The pleasing FT headlines continue this morning. After news that Amazon has a tax avoidance case to answer comes this one:
The chairman of the world’s largest tax practice says tax advice has a moral dimension to it that professional services firms must keep in mind when advising clients.
Dennis Nally, chairman of the international arm of PwC, said that “it’s a pretty challenging environment” for tax: “A lot of tax laws on the books of individual countries were written years ago [â€‰.â€‰.â€‰.] These may have been fit for purpose at one time but are coming under review as countries struggle with their own revenue base.”
I agree with him, but Ernst & Young (or EY as they now call themselves) don't: as the article notes they said last week that they thought that despite changes in the political environment they believed that their clients should carry on as before, and effectively play by the book, irrespective of the outcomes.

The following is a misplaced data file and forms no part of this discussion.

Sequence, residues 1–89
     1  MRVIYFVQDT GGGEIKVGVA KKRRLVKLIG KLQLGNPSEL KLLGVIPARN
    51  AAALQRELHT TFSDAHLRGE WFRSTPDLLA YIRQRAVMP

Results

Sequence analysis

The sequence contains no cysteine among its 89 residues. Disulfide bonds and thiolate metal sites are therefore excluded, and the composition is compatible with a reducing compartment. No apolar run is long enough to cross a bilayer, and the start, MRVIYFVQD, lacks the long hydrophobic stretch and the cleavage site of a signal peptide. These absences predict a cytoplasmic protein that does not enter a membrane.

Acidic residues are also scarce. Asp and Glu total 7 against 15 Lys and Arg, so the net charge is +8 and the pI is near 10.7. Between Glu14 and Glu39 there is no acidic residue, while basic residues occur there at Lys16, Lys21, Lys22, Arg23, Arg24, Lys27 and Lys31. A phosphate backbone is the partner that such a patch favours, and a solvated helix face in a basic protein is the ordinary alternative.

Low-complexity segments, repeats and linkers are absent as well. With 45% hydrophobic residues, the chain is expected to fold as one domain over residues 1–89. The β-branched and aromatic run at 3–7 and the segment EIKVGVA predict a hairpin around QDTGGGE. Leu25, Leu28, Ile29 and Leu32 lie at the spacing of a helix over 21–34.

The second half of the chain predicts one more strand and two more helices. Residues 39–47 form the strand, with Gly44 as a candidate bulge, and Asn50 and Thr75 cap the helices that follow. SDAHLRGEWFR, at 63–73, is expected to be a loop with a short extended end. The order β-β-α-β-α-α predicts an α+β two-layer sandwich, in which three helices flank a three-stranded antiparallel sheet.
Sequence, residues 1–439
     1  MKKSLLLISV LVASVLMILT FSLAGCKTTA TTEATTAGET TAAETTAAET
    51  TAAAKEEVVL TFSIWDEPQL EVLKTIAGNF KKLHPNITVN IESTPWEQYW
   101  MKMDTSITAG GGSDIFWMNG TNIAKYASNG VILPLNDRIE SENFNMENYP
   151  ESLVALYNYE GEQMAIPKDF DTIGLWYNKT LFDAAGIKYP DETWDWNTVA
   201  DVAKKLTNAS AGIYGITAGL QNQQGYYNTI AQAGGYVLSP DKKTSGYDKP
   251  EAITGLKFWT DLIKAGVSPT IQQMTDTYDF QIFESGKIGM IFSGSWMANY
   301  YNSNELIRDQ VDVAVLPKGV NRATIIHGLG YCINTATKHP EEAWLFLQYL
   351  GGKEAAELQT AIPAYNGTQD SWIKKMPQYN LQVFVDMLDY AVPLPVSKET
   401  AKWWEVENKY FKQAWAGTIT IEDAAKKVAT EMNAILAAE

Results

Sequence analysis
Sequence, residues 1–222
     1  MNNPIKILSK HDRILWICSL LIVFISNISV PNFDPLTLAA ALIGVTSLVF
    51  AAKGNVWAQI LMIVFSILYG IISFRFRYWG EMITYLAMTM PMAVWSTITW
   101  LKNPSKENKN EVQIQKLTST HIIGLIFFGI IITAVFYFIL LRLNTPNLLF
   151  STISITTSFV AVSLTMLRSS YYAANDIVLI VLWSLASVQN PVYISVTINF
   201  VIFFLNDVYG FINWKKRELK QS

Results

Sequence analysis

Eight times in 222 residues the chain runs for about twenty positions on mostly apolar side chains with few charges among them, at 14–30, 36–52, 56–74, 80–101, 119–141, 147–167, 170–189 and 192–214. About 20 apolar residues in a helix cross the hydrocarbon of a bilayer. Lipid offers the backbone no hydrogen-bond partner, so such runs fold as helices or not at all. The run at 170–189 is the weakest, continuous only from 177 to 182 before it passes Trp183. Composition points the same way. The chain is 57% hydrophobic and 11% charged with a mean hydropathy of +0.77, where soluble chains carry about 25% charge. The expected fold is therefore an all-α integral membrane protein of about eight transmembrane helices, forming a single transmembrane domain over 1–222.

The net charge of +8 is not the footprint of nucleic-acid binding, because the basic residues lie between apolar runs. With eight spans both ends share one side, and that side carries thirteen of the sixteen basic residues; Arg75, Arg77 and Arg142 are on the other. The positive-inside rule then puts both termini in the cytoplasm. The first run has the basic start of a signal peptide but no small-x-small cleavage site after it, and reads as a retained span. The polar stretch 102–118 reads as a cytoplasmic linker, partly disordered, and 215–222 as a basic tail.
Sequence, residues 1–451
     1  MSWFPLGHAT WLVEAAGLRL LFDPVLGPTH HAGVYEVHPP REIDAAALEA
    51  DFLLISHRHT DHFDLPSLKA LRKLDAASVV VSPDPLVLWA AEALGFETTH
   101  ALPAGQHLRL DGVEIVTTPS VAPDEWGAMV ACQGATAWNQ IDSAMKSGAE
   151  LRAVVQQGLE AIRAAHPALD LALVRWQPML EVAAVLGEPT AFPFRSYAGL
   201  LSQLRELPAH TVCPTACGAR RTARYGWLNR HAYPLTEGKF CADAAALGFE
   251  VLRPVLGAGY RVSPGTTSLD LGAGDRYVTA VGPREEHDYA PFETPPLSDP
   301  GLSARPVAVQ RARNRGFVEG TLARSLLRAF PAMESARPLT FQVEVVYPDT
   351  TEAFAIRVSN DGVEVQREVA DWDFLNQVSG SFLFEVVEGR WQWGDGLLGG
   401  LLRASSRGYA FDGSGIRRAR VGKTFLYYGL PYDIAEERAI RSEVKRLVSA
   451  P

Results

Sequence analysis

I have to say that the difference of opinion between these two does not surprise me, and is also, I suspect, genuine even if PwC may not, as yet, go as far as I do.
But their point on the need to review how tax - and I think the associated ethics and accounting work - is a good one. They need to come on board and start working with those who have been engaged with this issue for a long time.